Building Ministers' Forum

3.9        The BMF is responsible for overseeing governance of the built environment, in relation to policy and regulatory issues impacting the building and construction industries. The Commonwealth works collaboratively with the states and territories through the BMF.

3.10      The BMF is made up of Australian Government and state and territory government ministers with responsibility for building and construction. The Hon. Karen Andrews MP, Minister for Industry, Science and Technology, is the current Chair of the BMF; with the Department of Industry, Innovation and Science providing secretariat support.

3.11      The BMF's work covers:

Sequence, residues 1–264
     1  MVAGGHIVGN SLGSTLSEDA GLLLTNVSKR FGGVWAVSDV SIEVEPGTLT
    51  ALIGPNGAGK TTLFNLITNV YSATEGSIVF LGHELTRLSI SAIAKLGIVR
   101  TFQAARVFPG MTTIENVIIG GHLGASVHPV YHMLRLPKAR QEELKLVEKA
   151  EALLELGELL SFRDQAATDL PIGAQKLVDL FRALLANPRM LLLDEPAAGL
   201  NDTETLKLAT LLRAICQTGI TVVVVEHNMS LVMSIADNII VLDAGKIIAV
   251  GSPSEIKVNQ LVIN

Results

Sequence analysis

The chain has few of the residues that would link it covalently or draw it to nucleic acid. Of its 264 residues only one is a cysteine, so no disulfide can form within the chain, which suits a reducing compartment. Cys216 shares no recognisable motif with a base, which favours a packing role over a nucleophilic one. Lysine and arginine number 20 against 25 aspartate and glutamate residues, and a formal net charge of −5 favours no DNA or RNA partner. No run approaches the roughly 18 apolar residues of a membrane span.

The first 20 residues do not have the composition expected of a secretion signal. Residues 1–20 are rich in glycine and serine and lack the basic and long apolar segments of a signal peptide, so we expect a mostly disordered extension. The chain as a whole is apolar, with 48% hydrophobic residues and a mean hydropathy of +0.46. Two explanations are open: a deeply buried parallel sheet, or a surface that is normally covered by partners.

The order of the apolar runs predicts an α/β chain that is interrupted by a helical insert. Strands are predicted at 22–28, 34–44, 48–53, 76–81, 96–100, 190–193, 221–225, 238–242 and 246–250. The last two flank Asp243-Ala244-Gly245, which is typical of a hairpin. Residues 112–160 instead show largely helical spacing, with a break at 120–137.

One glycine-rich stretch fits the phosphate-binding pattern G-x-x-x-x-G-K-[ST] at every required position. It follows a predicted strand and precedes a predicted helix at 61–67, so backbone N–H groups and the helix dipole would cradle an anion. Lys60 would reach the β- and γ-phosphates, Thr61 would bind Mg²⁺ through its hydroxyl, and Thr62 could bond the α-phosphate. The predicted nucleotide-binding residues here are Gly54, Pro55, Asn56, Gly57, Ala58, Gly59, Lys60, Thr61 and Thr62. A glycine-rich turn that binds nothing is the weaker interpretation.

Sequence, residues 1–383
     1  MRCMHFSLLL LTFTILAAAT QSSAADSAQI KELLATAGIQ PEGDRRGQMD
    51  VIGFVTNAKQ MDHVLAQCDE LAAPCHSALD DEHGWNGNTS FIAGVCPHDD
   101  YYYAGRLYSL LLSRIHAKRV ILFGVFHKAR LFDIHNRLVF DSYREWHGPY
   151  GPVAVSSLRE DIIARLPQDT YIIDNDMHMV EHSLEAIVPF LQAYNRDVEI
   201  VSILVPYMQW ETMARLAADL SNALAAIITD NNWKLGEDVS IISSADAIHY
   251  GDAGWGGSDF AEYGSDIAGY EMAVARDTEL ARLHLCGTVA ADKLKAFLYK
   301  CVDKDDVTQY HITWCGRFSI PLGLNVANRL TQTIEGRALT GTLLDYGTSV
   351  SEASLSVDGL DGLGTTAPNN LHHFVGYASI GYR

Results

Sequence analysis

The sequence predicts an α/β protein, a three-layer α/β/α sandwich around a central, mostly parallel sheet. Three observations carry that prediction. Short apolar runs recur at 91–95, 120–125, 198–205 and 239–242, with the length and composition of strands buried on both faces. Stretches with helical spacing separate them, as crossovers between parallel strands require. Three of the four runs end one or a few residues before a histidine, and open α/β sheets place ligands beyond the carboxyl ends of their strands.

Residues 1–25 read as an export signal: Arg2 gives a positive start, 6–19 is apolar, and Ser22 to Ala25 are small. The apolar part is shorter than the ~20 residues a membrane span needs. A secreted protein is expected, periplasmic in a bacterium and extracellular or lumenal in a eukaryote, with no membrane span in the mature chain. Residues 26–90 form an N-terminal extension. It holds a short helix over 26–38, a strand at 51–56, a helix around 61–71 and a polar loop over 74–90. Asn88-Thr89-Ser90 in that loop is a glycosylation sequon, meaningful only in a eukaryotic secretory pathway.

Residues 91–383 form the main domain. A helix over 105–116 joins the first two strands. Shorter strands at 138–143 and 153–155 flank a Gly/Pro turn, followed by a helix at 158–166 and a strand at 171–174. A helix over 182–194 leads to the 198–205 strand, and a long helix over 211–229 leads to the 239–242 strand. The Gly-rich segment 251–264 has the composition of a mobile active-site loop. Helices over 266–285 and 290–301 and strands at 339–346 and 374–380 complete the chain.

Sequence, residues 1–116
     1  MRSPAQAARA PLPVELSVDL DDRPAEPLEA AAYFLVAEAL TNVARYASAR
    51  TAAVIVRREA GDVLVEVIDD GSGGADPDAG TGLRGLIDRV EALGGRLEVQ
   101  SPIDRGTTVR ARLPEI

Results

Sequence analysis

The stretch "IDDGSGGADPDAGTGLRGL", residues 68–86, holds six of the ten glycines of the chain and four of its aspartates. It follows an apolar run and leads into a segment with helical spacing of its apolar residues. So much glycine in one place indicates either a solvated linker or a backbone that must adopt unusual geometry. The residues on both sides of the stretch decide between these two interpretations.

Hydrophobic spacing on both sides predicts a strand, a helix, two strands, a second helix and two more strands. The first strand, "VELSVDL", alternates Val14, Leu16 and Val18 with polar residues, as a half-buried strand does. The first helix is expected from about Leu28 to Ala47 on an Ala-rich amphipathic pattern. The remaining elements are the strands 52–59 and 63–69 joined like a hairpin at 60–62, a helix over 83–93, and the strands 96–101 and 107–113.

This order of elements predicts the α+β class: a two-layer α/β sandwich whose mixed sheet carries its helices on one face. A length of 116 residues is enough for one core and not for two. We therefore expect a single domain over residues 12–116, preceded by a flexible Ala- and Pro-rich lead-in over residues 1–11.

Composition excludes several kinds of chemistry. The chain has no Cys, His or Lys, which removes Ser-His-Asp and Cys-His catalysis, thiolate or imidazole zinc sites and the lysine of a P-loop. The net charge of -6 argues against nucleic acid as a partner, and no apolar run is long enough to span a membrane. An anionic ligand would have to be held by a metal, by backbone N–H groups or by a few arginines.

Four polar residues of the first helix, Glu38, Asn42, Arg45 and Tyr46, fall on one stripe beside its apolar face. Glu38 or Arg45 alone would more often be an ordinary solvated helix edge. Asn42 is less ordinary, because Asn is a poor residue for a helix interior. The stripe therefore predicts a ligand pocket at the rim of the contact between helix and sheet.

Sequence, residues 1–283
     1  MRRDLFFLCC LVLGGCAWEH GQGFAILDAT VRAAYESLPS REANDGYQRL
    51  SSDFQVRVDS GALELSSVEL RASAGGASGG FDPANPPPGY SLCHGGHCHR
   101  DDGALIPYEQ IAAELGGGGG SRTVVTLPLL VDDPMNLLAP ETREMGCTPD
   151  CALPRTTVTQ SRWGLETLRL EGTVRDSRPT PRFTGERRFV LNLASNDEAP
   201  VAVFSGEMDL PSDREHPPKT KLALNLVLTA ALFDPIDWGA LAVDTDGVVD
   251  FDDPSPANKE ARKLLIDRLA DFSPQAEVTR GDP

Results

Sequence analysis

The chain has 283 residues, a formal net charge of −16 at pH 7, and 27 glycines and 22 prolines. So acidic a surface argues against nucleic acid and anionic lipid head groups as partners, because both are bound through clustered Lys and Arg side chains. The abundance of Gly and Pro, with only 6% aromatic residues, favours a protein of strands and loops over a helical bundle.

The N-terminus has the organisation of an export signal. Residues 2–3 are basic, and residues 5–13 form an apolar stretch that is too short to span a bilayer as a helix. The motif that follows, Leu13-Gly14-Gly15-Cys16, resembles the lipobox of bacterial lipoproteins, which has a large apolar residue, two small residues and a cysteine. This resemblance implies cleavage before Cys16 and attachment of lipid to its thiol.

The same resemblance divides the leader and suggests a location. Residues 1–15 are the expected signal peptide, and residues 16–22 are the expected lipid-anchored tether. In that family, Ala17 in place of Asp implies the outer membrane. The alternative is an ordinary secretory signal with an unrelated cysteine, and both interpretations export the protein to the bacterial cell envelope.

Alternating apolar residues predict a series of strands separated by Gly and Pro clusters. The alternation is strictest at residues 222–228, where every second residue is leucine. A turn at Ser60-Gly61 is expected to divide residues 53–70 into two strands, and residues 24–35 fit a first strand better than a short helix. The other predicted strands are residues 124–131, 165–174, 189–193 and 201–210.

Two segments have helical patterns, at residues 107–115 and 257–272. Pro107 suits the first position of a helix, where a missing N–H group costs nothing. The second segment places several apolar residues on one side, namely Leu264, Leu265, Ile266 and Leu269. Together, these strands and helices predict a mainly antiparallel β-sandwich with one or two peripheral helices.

3.12      Taking account of any COAG agreements, together with societal needs and expectations, the BMF sets the strategic policy direction for the:

3.13      The BMF may direct the ABCB, the SOG and the BRF, to work collaboratively on specific national issues affecting the building and construction industries.[11]

3.14      The BMF's next meeting is scheduled for December 2018.[12]

Senior Officers' Group on non-conforming building products

3.15      On 31 July 2015, shortly after this inquiry started, the BMF established a Senior Officers' Group (SOG) to address the issue of non-conforming building products. The SOG was tasked with reporting back to the BMF on strategies to 'minimise the risks to consumers, businesses and the community associated with failure of building products to conform to relevant laws and regulations and at the point of import'.[13] The SOG comprises two senior officers from each state and territory as well as the Commonwealth.[14]

3.16      The SOG prepared a consultation report, Strategies to address risks related to non-conforming building products (SOG Report), in 2016, and following consultation, it released its Implementation Plan: Strategies to Address Risks Related to